There is a lot of creativity involved in everyday life activities, from cooking to driving and solving mundane problems at home or at work, and yet this kind of creative expression often flies “under the radar” of creativity researchers. 


Interesting point when Glăveanu reaches their final creativity definition; creativity as craft.

Craft requires skill, practice, and leads to mastery. Creativity as a mark of masterful activity transcends (by integrating) existing dichotomies, discussed above, between originality and value, divergence and convergence, science and art. Most of all, it challenges the separation between self and other since no craft was ever invented or performed by solitary individuals. On the contrary, craft activities grow out of apprenticeships and learning with and from others.


The paper shares how craftspeople were not afforded the same status as artists and scientists; craft felt to be ‘technical’ rather than creative. And this is why I love Becker’s Art worlds, for amplifying the creativity of craft.

What are the implications of this third understanding of creativity for assessment and enhancement techniques? First of all, craft creativity cannot be assessed simply in terms of “creative potential” but needs to consider creative achievement. This is because, within this paradigm, it makes no sense to separate potential from the actual activities of people. Mastery doesn’t exist in potential: it either is manifest or is not or, better said, it is always in the process of being developed through practice. 


This is the best part for me. The assessment implications. The development of creativity through practice. And whilst I am increasingly preferring creativity as craft, the paper does warn ‘while craft creativity is the closest to how sociocultural psychology portrays creative action, this doesn’t make it superior to other conceptions and practices of creating’. The three definitions of creativity are not presented in a sequence to be considered in order of preference, but the paper suggests these were co-existing throughout history. Even more importantly this paper reminds us of the Western-centric definitions of creativity and poses many questions to consider the definitions from Eastern and Southern perspectives.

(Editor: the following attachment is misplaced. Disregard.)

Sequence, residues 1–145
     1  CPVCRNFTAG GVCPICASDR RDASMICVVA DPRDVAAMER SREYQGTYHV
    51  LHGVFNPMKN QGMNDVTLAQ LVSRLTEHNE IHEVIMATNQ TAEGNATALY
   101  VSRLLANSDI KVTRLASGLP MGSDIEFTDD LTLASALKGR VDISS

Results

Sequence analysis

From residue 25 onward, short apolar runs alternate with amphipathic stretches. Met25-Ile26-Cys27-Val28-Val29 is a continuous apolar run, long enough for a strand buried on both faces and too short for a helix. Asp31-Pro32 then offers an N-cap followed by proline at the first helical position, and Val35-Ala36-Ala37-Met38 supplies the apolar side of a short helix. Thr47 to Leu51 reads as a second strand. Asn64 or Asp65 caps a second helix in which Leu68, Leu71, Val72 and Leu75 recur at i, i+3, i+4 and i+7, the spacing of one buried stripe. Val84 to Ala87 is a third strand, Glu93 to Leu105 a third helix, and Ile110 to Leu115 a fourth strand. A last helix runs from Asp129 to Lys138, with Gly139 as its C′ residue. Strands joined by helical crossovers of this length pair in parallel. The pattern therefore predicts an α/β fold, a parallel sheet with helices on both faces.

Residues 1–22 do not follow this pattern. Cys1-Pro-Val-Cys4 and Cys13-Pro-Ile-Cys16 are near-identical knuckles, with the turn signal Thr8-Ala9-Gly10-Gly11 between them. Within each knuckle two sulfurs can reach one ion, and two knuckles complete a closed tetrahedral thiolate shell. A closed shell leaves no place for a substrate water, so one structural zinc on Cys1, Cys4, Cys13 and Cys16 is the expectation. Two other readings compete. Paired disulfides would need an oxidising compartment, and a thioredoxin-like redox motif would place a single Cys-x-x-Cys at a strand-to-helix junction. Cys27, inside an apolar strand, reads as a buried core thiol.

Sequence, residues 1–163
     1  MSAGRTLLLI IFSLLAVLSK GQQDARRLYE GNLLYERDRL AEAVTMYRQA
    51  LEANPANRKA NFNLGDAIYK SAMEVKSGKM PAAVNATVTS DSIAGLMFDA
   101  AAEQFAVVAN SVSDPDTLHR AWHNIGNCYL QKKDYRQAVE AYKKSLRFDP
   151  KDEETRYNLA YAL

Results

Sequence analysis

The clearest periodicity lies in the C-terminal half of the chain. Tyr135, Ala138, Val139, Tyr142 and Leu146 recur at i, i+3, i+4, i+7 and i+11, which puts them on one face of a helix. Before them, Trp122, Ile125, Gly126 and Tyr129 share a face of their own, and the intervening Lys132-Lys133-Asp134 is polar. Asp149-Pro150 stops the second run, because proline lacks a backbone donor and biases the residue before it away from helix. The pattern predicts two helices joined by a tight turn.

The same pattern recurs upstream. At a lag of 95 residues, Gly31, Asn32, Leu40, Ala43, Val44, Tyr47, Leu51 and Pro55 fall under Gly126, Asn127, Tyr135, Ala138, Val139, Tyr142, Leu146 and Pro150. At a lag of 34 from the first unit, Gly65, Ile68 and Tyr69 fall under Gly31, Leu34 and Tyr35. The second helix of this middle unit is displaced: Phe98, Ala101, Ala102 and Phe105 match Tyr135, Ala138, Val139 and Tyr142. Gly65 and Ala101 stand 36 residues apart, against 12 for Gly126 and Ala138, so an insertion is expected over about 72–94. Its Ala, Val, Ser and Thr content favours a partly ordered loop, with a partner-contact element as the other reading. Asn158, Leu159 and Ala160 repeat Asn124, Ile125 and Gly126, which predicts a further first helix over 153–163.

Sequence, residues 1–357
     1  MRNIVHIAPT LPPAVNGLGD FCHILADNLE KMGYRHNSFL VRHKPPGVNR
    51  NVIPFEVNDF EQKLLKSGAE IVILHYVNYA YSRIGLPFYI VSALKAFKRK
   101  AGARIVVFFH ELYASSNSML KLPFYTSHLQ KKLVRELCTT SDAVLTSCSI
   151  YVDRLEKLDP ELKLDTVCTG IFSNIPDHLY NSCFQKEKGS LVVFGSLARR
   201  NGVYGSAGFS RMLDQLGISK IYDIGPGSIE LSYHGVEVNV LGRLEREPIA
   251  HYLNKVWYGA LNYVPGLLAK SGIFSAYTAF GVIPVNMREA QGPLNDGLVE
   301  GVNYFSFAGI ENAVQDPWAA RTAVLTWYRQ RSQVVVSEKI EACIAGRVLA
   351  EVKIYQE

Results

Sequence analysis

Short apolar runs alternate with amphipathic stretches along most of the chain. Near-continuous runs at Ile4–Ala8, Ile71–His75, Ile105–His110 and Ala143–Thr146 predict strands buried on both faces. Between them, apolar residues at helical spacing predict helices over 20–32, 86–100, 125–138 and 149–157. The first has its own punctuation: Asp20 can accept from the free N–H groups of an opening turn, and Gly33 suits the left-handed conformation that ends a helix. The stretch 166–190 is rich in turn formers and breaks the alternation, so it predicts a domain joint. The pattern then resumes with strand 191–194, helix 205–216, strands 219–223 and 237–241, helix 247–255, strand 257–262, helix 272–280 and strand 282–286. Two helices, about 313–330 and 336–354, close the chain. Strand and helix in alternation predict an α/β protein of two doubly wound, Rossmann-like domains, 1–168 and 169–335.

If it does matter, and I believe it does, then it becomes crucially important to develop in research and in education more emic or local understandings of creativity instead of simply “importing” theories and models developed in other geographical and cultural places.


Maybe the local could be a school, or a group of schools. I’m increasingly considering that what value does a universal definition of creativity bring, but there is value in a community defined creativity. And if that community of creative craft were a group of schools I can imagine the value in a shared approach and definition.

The paper offers important questions for educators in its conclusion. It offers a view that educators could be ‘more reflexive when using definitions, theories or assessment tools for creativity’.

We need to ask ourselves more often: what do these definitions imply? What kinds of creativity do they recognize and which do they ignore? How are they constructing creativity for us and what does that mean in practice? In the classroom, art based definitions of creativity will favor students who are spontaneous and highly expressive, problem solving approaches will likely favor the conscientious and practically minded, and a craft view will encourage those who collaborate well. Students who don’t fit these models might be seen as less creative or in need of special training.


I’d like to be an educator that is ‘sensitive to multiple creativities and understands their origins, advantages and disadvantages’ as the paper suggests I ‘would be more inclined to cultivate diversity and offer each students the tools and support needed to develop their own style and form of creative expression’.


Glăveanu, V.P., 2018. Educating which creativity?. Thinking Skills and Creativity27, pp.25-32.